Series Name: The Emmy Lake Chronicles #2
“My darling Em, I promise with every fibre of my body, I will come back. Never forget that. Nothing will stop me being with you.”
Emmeline Lake is back in this utterly charming sequel to Dear Mrs. Bird.
World War II continues and despite her past troubles Emmy has maintained her position with Woman’s Friend magazine. With a new editor in charge, she is given more responsibility when the Ministry of Labour asks them to help recruit more women workers for the war effort. Eager to do her part, Emmy sets out to interview some lady labourers for a series of articles. As Emmy gets to know the women, she discovers not everything is as easy breezy as the Ministry wants her to portray. Meanwhile her best friend Bunty recovers from the horrors of the Blitz and Emmy’s relationship with boyfriend Charles continues to grow.
I’ll be the first to admit that historical fiction, particularly WWII era fiction, is not my thing. The truth is I often don’t enjoy it. I tend to get frustrated and upset with the lack of diversity and the role of women at the time. That being said, my mom convinced me to read Dear Mrs. Bird when it came out in 2018 and I loved it. So I was very excited for this sequel. Although this book does stand up by itself, it is definitely a continuation of Emmy’s story and there are a number of continuing plotlines. I would recommend reading Dear Mrs. Bird first in order to enjoy the full context of this book.
I wouldn’t say this is a typical romance book. While there is a lovely romantic plotline in Emmy’s blossoming relationship with her dreamy boyfriend Charles, that is not the sole focus of the story. It is more of a testament to female friendship and the power of women sticking together than anything else. And in that, the women in this story are real role models! I just loved the ways the various women became friends and supported each other during some pretty terrible circumstances from losing jobs to losing husbands. They are also there for each other in the good times and help each other celebrate. It made me think of my best gal pals and be grateful for them all over again.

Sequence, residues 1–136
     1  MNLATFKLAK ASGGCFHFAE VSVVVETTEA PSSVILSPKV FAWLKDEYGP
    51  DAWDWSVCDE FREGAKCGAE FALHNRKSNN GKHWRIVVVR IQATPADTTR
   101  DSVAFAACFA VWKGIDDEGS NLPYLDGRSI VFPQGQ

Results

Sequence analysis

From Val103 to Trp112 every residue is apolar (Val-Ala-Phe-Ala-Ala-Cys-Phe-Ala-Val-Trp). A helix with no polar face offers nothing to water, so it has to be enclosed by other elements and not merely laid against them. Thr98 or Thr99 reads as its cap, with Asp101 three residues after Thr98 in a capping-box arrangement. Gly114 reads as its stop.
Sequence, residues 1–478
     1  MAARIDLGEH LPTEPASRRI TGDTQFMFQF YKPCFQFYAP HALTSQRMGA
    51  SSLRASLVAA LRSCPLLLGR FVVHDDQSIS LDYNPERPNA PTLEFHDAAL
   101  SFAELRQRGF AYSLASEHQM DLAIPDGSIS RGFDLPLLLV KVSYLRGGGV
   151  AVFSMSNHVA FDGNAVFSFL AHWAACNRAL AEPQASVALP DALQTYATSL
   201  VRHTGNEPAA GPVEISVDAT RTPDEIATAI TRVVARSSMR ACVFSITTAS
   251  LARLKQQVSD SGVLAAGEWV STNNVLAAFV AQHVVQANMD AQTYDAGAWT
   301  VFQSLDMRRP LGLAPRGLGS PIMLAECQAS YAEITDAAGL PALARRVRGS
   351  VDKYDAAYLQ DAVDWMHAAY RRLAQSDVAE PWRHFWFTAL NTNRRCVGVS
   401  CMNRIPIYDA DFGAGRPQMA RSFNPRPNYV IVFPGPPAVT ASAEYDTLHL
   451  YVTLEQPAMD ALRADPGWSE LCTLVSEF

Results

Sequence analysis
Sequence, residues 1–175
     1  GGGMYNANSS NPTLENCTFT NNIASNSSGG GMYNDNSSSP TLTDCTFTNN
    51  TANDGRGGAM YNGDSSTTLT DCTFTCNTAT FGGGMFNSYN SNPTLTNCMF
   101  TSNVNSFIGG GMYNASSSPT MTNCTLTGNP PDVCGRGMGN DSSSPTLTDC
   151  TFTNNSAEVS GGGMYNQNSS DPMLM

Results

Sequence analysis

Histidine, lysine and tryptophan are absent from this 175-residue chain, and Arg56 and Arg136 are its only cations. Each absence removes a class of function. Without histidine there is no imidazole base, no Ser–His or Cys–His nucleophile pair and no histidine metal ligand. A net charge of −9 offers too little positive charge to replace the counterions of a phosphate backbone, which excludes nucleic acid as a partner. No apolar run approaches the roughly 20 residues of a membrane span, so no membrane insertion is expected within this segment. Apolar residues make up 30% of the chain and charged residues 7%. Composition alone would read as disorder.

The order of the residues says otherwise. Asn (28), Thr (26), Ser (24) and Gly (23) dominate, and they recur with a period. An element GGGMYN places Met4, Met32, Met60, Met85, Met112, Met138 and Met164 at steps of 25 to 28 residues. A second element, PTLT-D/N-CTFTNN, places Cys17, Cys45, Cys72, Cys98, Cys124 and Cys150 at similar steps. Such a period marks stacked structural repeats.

At the centre of this story is a larger one about the women’s labour movement at a time when it was just starting. With the men away, many women were entering the workforce for the first time whether out of a sense of duty or real financial need. While they were critical to the war effort, women were treated very differently than their male counterparts being paid less, unable to join unions, and on their own to manage childcare and household duties alongside their 12 hour work days. My only disappointment is that AJ didn’t take this further. Although we hear about the issues through the experiences of the women going through them, it still felt a bit surface level. Overall though, I enjoyed AJ’s exploration of the issues and how women coped during this critical time in women’s rights history.
There is a whole cast of characters to love in this book. You’ll adore kind-hearted, funny and clever Emmy. She is just terrific. I liked how she always wanted to help people. Her best friend Bunty is equally great. She is warm, generous and brave. Boyfriend Charles is definitely a swoon-worthy match for Emmy. Their playful but wholesome chemistry is so gosh darn sweet, they will have you grinning. Emmy’s boss Mr. Collins plays a significant role in the story and I appreciated his thoughtful and wise approach to leadership of the magazine. A nice reversal from the previous book’s Mrs. Bird.
In the end, I enjoyed revisiting the world of Emmeline Lake. If you love historical fiction (or even if you don’t!) on the lighter, more wholesome side, give this book a try.
Thanks to Simon & Schuster, Inc. for providing me with an advanced reader copy in exchange for an honest review.